Latissimus dorsi flap for reconstruction in head and neck deffects

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A case report

Transcript of Latissimus dorsi flap for reconstruction in head and neck deffects

  • 1. LATISSIMUS DORSI FLAP Dr. Shahid Mahmood Dr. Javed Akhtar Rana PGR,OMFS Department, PIMS,ISLAMABAD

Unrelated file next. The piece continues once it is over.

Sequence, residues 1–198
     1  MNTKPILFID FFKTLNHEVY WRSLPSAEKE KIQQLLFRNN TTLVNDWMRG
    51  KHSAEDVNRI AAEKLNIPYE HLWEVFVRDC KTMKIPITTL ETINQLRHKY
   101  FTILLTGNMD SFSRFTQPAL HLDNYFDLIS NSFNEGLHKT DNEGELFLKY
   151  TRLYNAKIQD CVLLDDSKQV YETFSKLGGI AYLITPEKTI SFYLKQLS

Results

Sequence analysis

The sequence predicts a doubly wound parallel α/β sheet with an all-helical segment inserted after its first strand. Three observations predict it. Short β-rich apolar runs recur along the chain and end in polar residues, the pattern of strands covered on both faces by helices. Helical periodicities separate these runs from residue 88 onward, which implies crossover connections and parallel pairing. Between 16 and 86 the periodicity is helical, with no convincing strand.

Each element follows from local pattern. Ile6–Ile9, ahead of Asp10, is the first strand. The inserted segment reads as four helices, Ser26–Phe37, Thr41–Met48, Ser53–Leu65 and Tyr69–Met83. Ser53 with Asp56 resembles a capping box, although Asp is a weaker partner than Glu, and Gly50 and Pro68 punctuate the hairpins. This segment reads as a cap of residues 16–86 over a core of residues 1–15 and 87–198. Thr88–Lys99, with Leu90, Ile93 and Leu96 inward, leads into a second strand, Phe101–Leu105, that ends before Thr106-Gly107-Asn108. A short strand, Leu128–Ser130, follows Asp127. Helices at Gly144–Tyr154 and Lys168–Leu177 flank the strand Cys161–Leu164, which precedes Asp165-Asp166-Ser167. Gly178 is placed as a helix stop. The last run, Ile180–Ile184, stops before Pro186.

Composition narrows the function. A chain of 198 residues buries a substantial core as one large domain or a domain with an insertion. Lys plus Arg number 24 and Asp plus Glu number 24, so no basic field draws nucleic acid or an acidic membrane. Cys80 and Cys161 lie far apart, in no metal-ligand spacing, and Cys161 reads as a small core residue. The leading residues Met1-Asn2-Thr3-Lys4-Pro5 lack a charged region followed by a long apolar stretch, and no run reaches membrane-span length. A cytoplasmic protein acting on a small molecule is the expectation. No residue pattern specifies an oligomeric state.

2. INTRODUCTION The latissimus dorsi myocutaneous flap (LDMF) is one of the most reliable and versatile flaps used in reconstructive surgery. It is known for its use in chest wall and postmastectomy reconstruction and has also been used effectively for coverage of large soft tissue defects in the head and neck, either as a pedicled flap or as a microvascular free flap 3. HISTORY: First Described by Tansini in 1896 for chest wall reconstruction. Developed for use in the head and neck by Quillen et al in 1978 4. ANATOMY: Innervation: The thoracodorsal nerve. Blood supply: Thoracodorsal artery via the subscapular artery. Artery: Can be up to 2 or 5 mm if harvested up to the subscapular artery. Vein(s): Comparable to the artery. A single venae commitans. Pedicle length: Up to 15 centimeters. 5. SURFACE ANATOMY 6. Muscle Attachments The muscle originates from the posterior iliac crest and from the spinous processes of the lower 6 thoracic vertebrae, the lumbar and sacral vertebrae, and the thoracolumbar fascia arising from the dorsal iliac crest. 7. insertion . The latissimus inserts anteriorly into the lesser tubercle and intertubercular groove of the humerus between the teres major and pectoralis major muscles 8. VASCULARITY 9. INNERVATION 10. Thoracodorsal Artery 11. LOCATION 12. SURFACE MARKING 13. PATIENT PREPARATION 14. PREP Standard prep, 10% providone iodine Prep the head and neck separately from free flap operative site. A surgical assistant will be lifting the ipsilateral arm during the axillary dissection; therefore, the entire arm needs to be sterile. Prep back from hairline to level of iliac crest 3 cm past midline and staple a waterproof barrier and drape up the midline from the bottom to the top of the back prep. Prep ipsilateral thigh for possible skin graft. The entire prep of the back is done prior to starting the head and neck procedure so that all that needs to be done to harvest the flap is to roll the patient and deflate the bean bag. 15. DRAPE Head drape Patient will need to be in the lateral position at times during the procedure, so place towels and drapes so the entire face (from below eyes to both mastoid tips), both sides of neck, chest, shoulder over deltoid including ipsilateral arm, axilla, and back to midline on down to ilium are included in the operative site. Towels to square off operative site including ipsilateral arm, chest, abdomen, and back to midline (also include ipsilateral thigh for possible skin graft) Patient will be in a lateral decubitus position with contralateral axillary roll during flap harvest. Impervious drape underneath patient as far as possible so back stays sterile while patient is supine Split sheet 16. PROCEDURE 17. FLAP HARVESTING 18. TUNNELING (Pedicled Flap) 19. INDICATIONS Reconstruction of A. Lateral neck defects B . Parotid defects C. Temporal bone defects 20. COMPOSITE FLAP Combined muscle flap with musculus latissimus dorsi and musculus serratus 21. ADVANTAGES The possibility of independent skin paddles being able to address complex defects (eg, through-and-through oral cavity defects) Rib or scapula bone is available. Minimal donor site morbidity occurs. It can be combined with other subscapular flaps, when indicated. 22. ADVANTAGES Large volume of tissue is available for reconstruction. Long vascular pedicle offers excellent range for pedicled flaps. High caliber pedicle makes free flap vascular anastomoses technically more feasible, even in patients with significant atherosclerotic disease. 23. DISADVANTAGES Requires lateral decubitus position Palpable abnormal lump arising in the latissimus dorsi (LD) donor site scar. 24. CONTRAINDICATIONS If possible, the flap should be harvested from the side of the nondominant hand. Relative contraindications would include patients who require significant upper-arm strength for employment or sports activities (competitive tennis players and swimmers). 25. POST OP CARE We allow the patient to use the ipsilateral arm postoperatively and no special dressings are required. The donor area should be inspected daily for hematoma formation. This donor area often forms a seroma, necessitating the use of drains for often more than a week. We often leave them in for 2 weeks or longer until the output is diminished. Seromas should be aspirated. 26. POST OP CARE Donor site drains are generally removed in five to seven days. If a seroma develops and the incisions are healed, this can frequently be dealt with by serial aspirations. A physical therapy consult will facilitate rehabilitation of arm movement. If a pedicled latissimus flap has been used, the ipsilateral arm should be supported on pillows to abduct the humerus. 27. CASE REPORT 28. THANK YOU